You are certainly right about this not being some new idea, though. Many in the USA who are reclaiming the right to live free are going back to early American cabin designs that had some fabulously creative ways to use spaces, as well as gleaning ideas from historical European living that is still being utilized today. There are modern twists to the designs that can run the costs up to amazing amounts, but that is not necessary to reaching the goal of reducing the weight of care that comes with large homes and large amounts of stuff.
I am fascinated by tiny homes. Nonetheless I think the majority of people who live/sell them are disingenuous or delusional . I watched a video of one that was parked in a friends yard. How realistic is that for the average person? The only tiny house I have seen with a bathroom had a "generous 26 inch shower".
Everyone selling tiny houses talk about simplifying and only have a few items of clothing. All good if you have time to do laundry every other day, But with a tiny house you have to go to the laundry which everyone has time to do three times a week. Where do they keep their snow boarding clothes? Snowboard or skies? What if they want to entertain during the winter? Where is the storage unit? Where is their family that they don't need more than two chairs in the house?
I think I actually need to see someone living in one to be convinced.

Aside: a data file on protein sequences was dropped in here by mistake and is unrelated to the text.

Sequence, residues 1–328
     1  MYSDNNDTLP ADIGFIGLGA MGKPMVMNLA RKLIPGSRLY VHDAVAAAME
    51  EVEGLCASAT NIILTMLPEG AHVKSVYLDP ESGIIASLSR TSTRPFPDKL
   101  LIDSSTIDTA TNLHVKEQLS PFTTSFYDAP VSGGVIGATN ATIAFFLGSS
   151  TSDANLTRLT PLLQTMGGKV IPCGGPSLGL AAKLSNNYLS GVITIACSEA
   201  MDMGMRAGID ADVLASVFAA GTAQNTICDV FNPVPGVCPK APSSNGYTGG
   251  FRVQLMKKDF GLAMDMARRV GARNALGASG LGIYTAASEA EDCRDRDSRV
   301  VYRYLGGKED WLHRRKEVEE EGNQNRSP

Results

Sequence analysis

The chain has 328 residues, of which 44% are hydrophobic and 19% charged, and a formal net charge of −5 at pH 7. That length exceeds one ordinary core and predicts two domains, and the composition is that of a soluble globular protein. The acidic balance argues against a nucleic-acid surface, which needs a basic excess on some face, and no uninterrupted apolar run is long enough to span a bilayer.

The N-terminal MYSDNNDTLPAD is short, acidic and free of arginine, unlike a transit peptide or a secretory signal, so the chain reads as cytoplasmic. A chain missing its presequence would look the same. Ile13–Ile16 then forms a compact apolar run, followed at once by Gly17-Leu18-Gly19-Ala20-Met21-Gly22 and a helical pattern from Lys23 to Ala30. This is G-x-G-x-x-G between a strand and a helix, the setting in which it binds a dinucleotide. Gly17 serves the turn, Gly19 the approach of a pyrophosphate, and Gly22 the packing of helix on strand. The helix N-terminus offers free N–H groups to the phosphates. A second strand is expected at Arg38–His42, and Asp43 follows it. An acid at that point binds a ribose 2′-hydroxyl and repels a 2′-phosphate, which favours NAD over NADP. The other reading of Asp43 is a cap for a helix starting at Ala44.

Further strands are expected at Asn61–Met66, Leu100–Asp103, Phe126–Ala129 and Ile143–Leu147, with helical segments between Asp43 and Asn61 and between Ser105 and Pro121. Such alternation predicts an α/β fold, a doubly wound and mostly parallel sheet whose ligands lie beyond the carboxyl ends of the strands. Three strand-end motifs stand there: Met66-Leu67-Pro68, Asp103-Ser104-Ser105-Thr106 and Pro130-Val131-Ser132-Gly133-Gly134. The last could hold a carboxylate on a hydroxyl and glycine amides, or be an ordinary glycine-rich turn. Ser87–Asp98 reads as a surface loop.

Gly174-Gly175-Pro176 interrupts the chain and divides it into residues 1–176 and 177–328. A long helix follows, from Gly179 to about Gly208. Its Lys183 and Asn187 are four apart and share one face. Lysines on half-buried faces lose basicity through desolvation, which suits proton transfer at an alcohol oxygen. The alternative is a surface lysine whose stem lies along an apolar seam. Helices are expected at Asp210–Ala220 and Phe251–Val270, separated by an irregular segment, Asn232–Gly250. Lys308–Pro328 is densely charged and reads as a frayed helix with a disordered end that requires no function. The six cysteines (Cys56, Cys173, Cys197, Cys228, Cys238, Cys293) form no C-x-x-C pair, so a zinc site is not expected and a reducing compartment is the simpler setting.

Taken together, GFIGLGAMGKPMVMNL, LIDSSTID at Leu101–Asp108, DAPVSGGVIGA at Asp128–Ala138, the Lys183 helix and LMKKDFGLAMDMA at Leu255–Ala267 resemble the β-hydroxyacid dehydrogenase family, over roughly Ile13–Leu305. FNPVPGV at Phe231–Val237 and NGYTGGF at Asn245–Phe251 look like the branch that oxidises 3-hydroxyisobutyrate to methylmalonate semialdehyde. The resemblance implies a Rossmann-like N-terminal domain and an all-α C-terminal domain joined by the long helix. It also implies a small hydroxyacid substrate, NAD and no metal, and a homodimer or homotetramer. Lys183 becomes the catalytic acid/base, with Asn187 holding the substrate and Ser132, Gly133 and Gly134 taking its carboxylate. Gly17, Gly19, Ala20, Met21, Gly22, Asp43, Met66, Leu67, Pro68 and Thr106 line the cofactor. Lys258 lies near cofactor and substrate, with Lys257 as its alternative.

Now sometime back there were houses called "I houses" or was it "Eye" houses. They were conventional homes of about 450 square feet, I think that makes more sense. I am simplifying, but lets be honest, how many can successfully let go of 95% of their belongings? That could be a challenge, but I would have to let go of my techie husband and a dog. Not going to happen.
I am very tired of these stories. They were interesting at first but the longer it's gone on the more I haven't enjoyed them. When I buy a house I want a big one with lots of rooms. I like having lots of space. I don't want to live in a tiny house, shipping container, and dumpster like some college professor I keep reading about. I lived in a VW bus for a summer and so little space is not always fun. You might save money but you can't sprawl out or avoid other people you live with for privacy time. Give me a big 4 bedroom, 2 bathroom house any day.
by whitney_185 10 years ago
For the past year or so I've become more and more into the "small house movement" --- living in small (700 square feet or less)homes. Does anyone live in such a home? We recently got a really good deal on a rather large home and now all of the expenses are adding up, which is making me...
by Castlepaloma 5 months ago
https://youtu.be/ZfLAKgJGc2gI build tiny house communities. Legality is the greatest problems yet it's all booming regardless. Really good documentary.